- JLL closed its seventh fund at $1 bln in April 2016
- New York sponsor looks to invest early in underlooked themes
- Recent exits in pharma services: Patheon, BioClinica
Daniel Agroskin is a managing director at JLL Partners, where he leads the New York private equity firm’s healthcare efforts and is a member of the management committee.
How would you describe JLL’s broader approach to healthcare investing?
The way we think about healthcare is where the big dollars get spent. And that’s pharma, that’s payers, and that’s providers — in particular, hospitals — and each of those subsectors are facing their own set of challenges. If we can be an outsourced provider to those big buckets of spend — whether it’s a variable of their cost base, a best-in-class service provider, or driving efficiency — that’s where we want to be.
Historically, you could do deals that kind of arbitrage the system a little bit. Today, the only deals in healthcare we’re going to do are ones that actually increase outcomes to the patient or drive efficiency and drive down costs.
Having made a number of investments in pharma services, how do you find and win deals in such a competitive environment?
In pharma services, in particular, I think we’ve been very good at staying ahead of others.
One of our first forays into the sector was through our investment in PharmaNet, a clinical research organization, which we completed during the most recent economic downturn.
We were also early into the outsourced development and manufacturing space when we combined Patheon with a division of DSM, a large Dutch conglomerate. The strategic fit was excellent. From there, we built the company into the industry leader with more than $2 billion of revenues and a broad service offering, including biologics. We recently sold that business to Thermo Fisher for over $7 billion and generated a great return for JLL.
I believe the underlying fundamentals of pharma services remain attractive given the growing R&D spend by pharma and increased level of outsourcing. We focus on subsectors where there is not a clear leader and we can build a business that has a unique set of assets.
If you look at our past deals, BioClinica is a perfect example. We started with a small public company that was a good business, but subscale, and we were able to combine it with a competitor in a simultaneous transaction out of the gate. As a result, we created a company with a leadership position in clinical imaging, realized synergies and positioned the company to be a platform to which we added seven more acquisitions over time. So we created a real player in the eClinical space, a term that got very little play when we did the initial transaction.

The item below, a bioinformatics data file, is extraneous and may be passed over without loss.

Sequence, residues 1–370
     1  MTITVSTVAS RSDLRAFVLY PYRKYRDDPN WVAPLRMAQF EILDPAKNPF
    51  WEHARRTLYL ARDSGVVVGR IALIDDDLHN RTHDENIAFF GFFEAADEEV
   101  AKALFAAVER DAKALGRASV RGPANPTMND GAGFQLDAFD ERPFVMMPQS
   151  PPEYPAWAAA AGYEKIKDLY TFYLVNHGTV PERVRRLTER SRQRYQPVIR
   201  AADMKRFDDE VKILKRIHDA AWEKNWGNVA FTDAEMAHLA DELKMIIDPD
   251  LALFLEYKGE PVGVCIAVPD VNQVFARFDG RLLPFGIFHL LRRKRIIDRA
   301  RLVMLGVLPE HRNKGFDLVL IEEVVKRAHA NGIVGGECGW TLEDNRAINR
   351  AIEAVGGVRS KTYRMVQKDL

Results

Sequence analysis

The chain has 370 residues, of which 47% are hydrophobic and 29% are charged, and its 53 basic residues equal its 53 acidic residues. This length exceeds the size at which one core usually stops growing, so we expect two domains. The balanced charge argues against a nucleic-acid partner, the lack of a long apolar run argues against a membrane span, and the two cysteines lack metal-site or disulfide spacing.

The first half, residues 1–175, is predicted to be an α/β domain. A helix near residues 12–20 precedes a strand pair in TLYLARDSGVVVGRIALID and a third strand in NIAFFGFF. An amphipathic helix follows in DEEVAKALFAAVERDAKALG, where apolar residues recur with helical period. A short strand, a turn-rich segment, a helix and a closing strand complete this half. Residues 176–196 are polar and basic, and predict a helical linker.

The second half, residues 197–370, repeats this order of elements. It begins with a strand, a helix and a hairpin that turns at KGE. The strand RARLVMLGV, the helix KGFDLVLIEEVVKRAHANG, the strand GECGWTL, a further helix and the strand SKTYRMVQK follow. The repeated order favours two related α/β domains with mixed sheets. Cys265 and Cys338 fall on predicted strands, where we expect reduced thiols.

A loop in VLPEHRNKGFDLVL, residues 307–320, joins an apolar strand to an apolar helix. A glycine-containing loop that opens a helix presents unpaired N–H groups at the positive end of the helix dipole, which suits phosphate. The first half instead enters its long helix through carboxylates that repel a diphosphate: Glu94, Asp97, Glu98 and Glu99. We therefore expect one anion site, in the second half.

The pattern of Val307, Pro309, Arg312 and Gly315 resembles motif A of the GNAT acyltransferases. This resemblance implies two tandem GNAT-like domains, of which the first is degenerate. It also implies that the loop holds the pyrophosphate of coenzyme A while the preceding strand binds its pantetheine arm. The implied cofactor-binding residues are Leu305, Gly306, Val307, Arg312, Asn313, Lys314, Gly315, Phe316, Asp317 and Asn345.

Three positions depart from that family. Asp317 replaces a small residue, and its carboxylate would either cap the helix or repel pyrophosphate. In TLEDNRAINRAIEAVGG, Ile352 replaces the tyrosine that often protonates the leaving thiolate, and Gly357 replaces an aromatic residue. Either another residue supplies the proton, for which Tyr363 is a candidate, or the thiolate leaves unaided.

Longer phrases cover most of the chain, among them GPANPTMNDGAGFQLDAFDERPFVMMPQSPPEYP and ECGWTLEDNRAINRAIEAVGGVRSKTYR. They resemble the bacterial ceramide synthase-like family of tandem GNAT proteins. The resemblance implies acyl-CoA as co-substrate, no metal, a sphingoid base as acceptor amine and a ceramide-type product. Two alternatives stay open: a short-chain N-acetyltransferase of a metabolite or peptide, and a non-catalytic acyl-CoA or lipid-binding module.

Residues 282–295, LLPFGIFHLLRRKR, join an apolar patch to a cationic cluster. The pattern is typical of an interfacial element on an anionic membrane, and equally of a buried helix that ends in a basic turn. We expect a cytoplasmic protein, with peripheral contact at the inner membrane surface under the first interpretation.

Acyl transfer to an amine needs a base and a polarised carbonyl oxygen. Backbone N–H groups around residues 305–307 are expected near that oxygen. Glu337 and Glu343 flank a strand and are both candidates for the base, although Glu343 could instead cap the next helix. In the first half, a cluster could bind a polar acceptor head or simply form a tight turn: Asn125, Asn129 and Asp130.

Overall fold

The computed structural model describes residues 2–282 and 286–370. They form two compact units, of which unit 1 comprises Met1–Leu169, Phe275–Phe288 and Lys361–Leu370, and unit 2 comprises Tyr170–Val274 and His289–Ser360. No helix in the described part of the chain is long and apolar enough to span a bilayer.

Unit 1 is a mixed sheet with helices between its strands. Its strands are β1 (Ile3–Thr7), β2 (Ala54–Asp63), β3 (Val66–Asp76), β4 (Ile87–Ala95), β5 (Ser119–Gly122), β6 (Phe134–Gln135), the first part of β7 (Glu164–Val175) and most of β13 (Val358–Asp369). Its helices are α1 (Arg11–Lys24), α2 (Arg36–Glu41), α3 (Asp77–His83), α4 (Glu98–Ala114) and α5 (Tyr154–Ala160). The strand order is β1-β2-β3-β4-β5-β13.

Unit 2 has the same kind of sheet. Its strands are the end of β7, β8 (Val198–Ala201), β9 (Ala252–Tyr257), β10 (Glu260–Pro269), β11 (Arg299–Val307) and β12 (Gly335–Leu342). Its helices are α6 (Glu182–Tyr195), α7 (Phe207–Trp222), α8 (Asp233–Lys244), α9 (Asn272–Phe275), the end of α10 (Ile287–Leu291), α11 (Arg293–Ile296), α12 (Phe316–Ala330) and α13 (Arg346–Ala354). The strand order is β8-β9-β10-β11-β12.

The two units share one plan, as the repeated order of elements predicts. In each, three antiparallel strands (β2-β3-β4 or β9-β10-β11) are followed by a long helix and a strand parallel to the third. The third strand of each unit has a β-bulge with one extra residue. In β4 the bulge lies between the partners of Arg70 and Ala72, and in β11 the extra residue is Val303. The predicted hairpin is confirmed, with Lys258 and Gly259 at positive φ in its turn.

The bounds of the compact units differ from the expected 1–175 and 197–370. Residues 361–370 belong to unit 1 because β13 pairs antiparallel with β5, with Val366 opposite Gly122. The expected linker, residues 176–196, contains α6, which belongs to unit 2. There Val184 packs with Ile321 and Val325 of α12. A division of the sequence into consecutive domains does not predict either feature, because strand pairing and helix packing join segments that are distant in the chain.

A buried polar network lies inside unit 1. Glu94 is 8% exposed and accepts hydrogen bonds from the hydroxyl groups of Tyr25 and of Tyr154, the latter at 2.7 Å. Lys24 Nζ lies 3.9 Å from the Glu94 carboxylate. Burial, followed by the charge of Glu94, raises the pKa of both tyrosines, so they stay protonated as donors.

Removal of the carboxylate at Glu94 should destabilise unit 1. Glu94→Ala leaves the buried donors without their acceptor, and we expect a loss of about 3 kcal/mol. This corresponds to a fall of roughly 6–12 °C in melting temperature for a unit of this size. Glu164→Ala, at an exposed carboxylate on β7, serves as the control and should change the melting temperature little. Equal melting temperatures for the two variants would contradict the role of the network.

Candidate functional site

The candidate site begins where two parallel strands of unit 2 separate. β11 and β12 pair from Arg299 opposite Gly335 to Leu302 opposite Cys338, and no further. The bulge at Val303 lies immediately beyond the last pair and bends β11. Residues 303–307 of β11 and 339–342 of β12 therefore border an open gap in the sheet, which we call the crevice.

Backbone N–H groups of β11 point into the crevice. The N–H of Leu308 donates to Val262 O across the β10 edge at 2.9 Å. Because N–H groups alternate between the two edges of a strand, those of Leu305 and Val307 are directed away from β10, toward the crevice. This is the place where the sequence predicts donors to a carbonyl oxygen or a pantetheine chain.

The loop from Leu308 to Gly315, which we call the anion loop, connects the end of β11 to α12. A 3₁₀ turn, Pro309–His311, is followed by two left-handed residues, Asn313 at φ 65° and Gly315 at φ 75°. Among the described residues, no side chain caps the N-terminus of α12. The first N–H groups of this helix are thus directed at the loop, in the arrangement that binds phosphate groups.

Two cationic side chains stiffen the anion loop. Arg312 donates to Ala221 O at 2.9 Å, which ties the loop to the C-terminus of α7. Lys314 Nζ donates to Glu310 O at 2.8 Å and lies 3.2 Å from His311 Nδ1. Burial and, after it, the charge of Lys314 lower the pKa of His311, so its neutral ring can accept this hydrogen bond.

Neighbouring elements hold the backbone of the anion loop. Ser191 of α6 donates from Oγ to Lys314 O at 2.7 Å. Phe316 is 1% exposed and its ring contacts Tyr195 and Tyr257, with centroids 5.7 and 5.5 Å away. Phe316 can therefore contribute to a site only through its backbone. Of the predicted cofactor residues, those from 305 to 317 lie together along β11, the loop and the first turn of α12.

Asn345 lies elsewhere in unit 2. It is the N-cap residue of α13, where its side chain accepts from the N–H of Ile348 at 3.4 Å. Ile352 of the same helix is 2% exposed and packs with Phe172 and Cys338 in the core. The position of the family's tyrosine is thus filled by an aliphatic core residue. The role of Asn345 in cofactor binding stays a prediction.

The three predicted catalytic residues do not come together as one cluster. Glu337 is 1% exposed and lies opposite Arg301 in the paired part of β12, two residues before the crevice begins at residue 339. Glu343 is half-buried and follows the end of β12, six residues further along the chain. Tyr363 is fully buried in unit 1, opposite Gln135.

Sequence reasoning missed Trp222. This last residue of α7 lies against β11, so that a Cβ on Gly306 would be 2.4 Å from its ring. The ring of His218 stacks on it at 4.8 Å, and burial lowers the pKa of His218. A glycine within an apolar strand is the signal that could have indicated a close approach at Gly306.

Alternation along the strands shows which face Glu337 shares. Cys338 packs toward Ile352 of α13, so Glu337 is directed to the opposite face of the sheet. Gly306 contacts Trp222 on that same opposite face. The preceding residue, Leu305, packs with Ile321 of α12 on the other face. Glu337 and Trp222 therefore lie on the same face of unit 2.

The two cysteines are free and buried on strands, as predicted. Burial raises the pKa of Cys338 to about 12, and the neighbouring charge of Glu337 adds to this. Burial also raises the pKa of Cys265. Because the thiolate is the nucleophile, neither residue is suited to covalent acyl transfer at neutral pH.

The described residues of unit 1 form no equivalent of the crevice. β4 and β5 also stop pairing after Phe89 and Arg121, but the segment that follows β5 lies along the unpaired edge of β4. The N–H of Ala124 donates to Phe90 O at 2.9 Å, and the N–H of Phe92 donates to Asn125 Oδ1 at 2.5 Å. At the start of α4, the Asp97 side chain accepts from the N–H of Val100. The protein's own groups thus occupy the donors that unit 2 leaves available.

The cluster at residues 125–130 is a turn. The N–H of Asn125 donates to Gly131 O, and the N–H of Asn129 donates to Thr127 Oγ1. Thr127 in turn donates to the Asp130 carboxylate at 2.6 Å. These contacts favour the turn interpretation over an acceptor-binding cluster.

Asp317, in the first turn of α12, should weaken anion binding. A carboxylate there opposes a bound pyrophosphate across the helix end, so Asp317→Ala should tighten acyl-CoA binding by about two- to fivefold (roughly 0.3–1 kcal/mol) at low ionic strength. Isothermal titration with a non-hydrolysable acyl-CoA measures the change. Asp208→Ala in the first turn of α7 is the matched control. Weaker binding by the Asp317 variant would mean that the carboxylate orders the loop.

What’s driving deal activity in pharma services?
It’s tougher to find blockbuster drugs, and so companies are really trying to figure out how to be efficient. Today, [drugmakers are] really trying to focus on their core strengths and capabilities, and outsource the rest of their functions. And they’re not just outsourcing for cost [purposes], but also because some outsourced vendors have really become best in class, and their capabilities are better than the pharmaceutical companies.
I think that tailwind from a macro standpoint will be there for a long time, which is why I think people are paying the prices that they’re paying.
How are you adjusting your strategy to justify today’s high prices?
Valuations are up because there’s a lot of PE money chasing deals, strategics have entered the fray, and the macro tailwinds continue to be favorable.
Just because the market is up three turns or four turns, we really try to stick to fundamental value. We try to be disciplined even in the high-price environment. The days of financially engineering your way to returns — buying a company and letting it run — that’s become much more challenging. That helps, but that can’t be the driver for returns.
Having themes and working those themes will help you get conviction, so we try to be very theme-focused. There are a couple other themes [in pharma services] that I think have still been under-looked that we’re trying to chase down.
What are some common red flags when you’re doing diligence work on a potential investment?
It’s people-driven. If you don’t feel there’s good transparency coming from the team that you’re potentially investing with, that, to me, is the biggest red flag. When people limit access to people on the team, when you see the top two executives and you don’t see the rest of the team, that’s always worrying.
It’s as simple as not being able to make sense of the numbers. It’s a game of imperfect information to a degree. If you put all the pieces together and at the end of the day it just doesn’t make sense, then you move on.
Action Item: Read about JLL’s Patheon exit here: pehub.com/buyouts/jll-partners-poised-for-60-plus-pct-irr-on-patheon-exit/
Daniel Agroskin, managing director at JLL Partners. Photo courtesy of the firm.